The terrible state of automobile navigation systems

We've been road-tripping in the Prius. The posts about the trip will resume shortly now that the computer is back online. In the meantime I have several observations about the lackluster GPS and navigation system in the Toyota Prius. As far as I know it is the same system in all Toyotas. For some things it is great. In other ways it is horrible.

Seeing the country

This is our first trip into new country with the GPS. Actually I was in many places we're visiting twenty years ago but I haven't driven the area at all. The navigation system has an interesting effect. On one hand it knows the destination and is good about getting you there. Since I put in an address each morning marking that night's resting place I don't spend as much time with a map and thinking about the directions along the way. The Toyota system has a few options such as allowing you to choose from two quick routes or one short route. The short route choice nearly always results in seeing parts of a route that one wouldn't choose when looking at a map. Ironically at the same time because one doesn't need to study the map before getting to town to know where to find the night's lodging I don't have the same sense of many towns as I otherwise would.

Route finding is poor

The route finding capabilities leave a lot to be desired. The system does OK if I tell it where to go and pick the right order. There are still large gaps outside of large cities and even many small roads that show up on the map are unknown to the navigation system. But if I want to go to some place and make some stops along the way the route planning leaves a lot to be desired. Earlier we took a sightseeing trip and the system was useless in helping find the route. The other thing that any great navigation system should do is help with route planning. At the minimum it should take a list of points and offer a logical approach to reaching those points in a sensible sequence. A system would get bonus points for using real-time information to plan routes based on traffic information.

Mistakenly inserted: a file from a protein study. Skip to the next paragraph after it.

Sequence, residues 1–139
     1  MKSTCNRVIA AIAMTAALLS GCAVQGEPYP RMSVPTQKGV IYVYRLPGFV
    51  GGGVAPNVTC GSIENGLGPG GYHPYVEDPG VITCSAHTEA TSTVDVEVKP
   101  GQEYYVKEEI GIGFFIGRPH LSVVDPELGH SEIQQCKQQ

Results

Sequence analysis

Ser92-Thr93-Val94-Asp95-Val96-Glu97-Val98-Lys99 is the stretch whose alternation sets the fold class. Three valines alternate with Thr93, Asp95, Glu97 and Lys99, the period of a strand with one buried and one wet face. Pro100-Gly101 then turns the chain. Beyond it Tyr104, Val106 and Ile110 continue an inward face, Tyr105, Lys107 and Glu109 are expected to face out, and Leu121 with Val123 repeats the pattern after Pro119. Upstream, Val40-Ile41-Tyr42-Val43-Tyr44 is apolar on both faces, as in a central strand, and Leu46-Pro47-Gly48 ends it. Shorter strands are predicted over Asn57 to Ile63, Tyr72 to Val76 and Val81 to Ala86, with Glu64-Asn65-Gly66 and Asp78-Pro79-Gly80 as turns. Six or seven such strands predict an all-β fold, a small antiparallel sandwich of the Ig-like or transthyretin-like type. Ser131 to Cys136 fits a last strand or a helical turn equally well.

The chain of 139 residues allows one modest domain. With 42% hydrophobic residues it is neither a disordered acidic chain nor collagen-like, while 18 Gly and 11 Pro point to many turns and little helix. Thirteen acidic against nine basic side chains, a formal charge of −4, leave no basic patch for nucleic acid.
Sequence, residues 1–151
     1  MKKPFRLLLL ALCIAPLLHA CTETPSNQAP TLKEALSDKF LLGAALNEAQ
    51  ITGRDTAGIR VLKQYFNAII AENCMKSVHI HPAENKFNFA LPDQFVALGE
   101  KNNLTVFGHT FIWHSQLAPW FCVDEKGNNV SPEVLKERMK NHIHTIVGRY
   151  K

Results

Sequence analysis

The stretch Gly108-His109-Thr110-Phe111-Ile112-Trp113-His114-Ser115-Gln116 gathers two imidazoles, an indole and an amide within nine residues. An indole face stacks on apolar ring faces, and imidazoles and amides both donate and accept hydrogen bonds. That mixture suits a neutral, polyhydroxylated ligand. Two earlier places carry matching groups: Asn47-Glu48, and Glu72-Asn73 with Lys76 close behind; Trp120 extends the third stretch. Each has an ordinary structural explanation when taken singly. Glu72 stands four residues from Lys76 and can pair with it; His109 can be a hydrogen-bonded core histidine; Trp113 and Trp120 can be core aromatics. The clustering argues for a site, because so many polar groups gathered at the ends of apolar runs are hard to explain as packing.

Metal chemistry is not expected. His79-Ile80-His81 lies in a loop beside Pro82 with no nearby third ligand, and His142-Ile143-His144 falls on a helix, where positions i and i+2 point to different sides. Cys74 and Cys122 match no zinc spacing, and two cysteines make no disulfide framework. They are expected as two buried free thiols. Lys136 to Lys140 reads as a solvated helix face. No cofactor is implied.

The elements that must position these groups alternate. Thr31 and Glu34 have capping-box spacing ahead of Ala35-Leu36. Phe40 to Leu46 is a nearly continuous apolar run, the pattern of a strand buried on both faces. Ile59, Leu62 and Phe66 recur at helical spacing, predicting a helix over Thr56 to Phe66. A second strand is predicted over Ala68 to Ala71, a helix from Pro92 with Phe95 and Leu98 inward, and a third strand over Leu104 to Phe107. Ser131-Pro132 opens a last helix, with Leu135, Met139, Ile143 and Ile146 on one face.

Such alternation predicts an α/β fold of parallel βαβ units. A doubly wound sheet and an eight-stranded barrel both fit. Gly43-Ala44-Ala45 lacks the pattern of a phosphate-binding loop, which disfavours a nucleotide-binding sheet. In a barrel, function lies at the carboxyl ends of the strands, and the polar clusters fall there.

And it is only in the car which seems like a strange thing to say about an automotive navigation system. However, we do much planning over dinner or in a hotel room and it would be most useful to do that planning, settle on a route, and then either plug the navigation system in to the car or upload the route from my iPhone. A really good system would then upload the results of a day's travels into the computer for later posting on a blog or keeping notes for future trips. Like a phone lists the last time you got a call from a particular number it could tell you the last time you visited a specific spot. Again there would be bonus points for a system that learns the average speed I drive on frequently driven roads and applies those speeds to calculating the arrival time on a particular route. Super bonus points to the system that calculates my speed as a fraction of the speed limit for a given type of road and applies that to unknown roads.

The iPod navigator

So ultimately I want an iPod style navigation system that will plug in to the car, use the GPS built in to the car, and record the information or allow me to plan the route from the comfort of my disconnected spot. Again there are bonus points available here. The ultimate system allows me to pull up a sightseeing tour of some type and it puts the associated route in the system. For example a podcast could have a tour included or a great book that chronicles a trip can be supplemented with a route for readers to re-create the trip. With the next great advancement of geocoding segments in a podcast it can even play the appropriate section as you pass each point in the tour.